Not Far Enough
Far Cry 3 failed as satire. For Joe Köller, it failed as social commentary too.
There’s a lot you can criticize about Far Cry 3. Its excessive use of minigames and carnival distractions for instance, or the basic narrative of a white man colonizing the jungle, especially considering the bizarre mixture of ethnicities and accents it sells as ‘exotic’. But according to lead writer Jeffrey Yohalem, these elements are to be seen as intentional parody: Far Cry 3 is satire, its nonreflective violence and problematic portrayal of minorities merely comment on industry tendencies.
It’s rather telling that Yohalem had to explicitly state this intention after the fact. Players don’t seem to have interpreted Far Cry 3 as satirical, and how could they? The game might copy many of the absurdities of our favorite medium, but it doesn’t exaggerate them, doesn’t overdo them, doesn’t ridicule them. It’s not satire by videogame standards: Where flat characters and excessive violence are generally presented in earnest, satirical takes like Saints Row need to go one step further, beyond good and evil. Adapting to videogames’ skewed idea of normality is not the same as criticizing it, parody is about more than mere imitation and the supposed subtext of Far Cry 3 blurs the lines between subtle and nonexistent.
But while Far Cry 3 fails to comment on violence in videogame culture, it does offer an interesting perspective on its general fascination and its perception in today’s zeitgeist. Kill Screen aptly described it as “the first game about millenials”, the spoiled generation of Jason Brody and his obnoxiously rich ilk, whose existence is defined by beach resorts, tanning beds and smartphones on the one hand, and unemployment, weltschmerz and various financial and personal crises on the other hand.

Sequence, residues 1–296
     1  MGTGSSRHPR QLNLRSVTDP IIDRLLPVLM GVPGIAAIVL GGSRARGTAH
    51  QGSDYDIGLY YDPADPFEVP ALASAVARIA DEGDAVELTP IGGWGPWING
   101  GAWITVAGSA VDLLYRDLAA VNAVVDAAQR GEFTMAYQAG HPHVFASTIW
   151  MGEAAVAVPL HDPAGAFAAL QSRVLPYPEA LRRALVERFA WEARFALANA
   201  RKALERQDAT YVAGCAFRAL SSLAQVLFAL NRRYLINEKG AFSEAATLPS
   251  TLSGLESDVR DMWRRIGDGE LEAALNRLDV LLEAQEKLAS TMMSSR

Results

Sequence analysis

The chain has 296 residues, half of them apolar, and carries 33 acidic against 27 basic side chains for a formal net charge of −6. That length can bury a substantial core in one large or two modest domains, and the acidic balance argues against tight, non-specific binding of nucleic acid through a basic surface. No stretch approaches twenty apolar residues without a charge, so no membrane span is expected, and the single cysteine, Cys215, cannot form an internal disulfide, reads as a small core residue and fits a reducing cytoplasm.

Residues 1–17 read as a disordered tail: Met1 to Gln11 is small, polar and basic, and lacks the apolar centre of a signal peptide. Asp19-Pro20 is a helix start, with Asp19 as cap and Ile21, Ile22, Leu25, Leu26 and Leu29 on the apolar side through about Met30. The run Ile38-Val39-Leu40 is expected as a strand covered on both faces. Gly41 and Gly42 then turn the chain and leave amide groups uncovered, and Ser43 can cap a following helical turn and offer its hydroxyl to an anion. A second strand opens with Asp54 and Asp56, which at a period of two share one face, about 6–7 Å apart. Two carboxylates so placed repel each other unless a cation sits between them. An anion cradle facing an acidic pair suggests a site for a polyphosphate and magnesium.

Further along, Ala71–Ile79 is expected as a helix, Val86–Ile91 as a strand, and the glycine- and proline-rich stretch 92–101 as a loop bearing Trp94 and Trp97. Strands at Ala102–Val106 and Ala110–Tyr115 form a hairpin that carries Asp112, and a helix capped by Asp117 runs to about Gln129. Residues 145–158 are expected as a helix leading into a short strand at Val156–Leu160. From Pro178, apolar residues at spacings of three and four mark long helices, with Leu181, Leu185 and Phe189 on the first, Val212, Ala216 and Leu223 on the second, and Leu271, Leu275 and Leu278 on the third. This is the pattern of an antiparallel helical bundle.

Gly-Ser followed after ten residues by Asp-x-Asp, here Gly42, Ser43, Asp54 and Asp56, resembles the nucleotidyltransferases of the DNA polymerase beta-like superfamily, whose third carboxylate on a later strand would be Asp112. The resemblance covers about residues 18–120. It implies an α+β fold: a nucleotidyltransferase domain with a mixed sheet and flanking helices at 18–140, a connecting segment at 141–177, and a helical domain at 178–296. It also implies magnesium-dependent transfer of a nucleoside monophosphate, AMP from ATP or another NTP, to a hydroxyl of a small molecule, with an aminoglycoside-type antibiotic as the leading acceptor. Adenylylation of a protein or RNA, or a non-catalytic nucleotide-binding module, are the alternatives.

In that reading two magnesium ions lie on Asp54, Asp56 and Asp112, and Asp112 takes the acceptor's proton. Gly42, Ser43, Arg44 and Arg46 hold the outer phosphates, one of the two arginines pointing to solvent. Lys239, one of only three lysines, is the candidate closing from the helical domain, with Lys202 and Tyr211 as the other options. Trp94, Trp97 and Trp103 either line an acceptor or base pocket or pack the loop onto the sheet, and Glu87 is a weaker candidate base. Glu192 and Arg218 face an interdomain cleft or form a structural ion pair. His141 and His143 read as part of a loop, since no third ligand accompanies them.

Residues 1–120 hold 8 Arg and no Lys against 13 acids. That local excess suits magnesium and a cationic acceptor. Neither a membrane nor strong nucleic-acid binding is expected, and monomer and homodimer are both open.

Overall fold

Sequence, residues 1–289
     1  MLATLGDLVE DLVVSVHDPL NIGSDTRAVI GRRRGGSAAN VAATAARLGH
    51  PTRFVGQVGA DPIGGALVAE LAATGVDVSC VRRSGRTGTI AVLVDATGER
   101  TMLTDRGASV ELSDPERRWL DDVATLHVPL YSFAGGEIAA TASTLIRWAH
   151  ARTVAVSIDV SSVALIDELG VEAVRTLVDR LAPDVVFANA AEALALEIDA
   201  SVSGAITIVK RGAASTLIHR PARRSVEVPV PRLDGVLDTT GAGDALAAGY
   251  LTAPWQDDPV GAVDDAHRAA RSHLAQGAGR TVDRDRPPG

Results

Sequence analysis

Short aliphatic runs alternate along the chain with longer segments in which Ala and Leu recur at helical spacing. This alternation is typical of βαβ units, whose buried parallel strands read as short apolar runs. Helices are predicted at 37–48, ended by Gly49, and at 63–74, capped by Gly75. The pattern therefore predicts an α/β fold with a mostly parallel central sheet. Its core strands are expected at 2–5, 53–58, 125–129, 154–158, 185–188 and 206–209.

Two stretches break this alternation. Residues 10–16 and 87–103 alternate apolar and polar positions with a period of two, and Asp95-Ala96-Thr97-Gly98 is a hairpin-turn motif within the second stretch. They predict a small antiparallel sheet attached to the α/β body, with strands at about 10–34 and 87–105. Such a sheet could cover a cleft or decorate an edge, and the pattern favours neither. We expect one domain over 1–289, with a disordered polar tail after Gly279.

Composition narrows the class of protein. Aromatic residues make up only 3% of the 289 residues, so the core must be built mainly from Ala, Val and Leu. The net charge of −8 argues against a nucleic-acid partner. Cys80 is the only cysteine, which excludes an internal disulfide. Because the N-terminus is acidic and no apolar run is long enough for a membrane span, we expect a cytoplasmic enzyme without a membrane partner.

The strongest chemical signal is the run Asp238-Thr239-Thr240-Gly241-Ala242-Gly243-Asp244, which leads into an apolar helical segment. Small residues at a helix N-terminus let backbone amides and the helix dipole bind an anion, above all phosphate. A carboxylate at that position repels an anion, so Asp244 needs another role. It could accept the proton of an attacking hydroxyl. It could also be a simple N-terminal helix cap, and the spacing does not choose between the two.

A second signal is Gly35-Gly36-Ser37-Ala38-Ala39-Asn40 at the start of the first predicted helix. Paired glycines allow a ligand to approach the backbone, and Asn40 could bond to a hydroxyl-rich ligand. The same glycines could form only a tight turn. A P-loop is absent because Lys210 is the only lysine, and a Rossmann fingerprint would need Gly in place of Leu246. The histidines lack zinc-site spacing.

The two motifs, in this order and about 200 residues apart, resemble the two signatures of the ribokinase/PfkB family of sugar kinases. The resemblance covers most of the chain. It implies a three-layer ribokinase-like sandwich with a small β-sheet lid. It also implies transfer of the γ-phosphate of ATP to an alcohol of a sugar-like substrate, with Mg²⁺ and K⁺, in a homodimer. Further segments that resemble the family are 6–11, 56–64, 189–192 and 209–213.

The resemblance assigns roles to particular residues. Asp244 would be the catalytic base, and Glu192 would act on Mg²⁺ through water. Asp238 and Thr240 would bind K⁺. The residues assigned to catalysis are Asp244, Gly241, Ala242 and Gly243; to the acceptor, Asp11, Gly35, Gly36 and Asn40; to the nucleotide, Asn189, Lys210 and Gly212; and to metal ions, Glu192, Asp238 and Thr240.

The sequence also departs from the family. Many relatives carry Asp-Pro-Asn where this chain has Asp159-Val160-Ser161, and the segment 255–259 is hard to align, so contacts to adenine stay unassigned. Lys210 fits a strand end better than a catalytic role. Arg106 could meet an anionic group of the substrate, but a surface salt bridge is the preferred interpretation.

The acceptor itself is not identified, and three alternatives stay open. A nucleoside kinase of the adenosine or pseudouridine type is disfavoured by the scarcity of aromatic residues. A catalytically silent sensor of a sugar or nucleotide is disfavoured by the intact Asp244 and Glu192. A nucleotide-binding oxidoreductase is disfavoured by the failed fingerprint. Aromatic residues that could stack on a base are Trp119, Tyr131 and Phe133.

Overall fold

In a sense, Jason Brody’s conquest of the jungle, his transformation to a superhuman predator, is merely the brutal, yet logical conclusion of his initial vacation plans. His booze-cruise was always about testing limits, about feeling alive again through various near-death experiences, in both a metaphorical and a physical sense. The vapid hedonist sampled every socially accepted option: alcohol, loud music, meaningless sex, drugs of all shapes and sizes, extreme sports, etc. Crash-landing on Rook Island simply gives him the opportunity to keep pushing boundaries as he moves from imitations of death to the real thing.
Why? Because this increasingly digital, artificial, fake world can leave you desperate to just feel something, anything at all. So long as it’s something genuine, pure, real. Because violence scratches that itch, because it yanks you from the uncomfortably comfortable mundanity of modern life and presents you with arguably the most primordial human experience of all: you or me. Kill or be killed.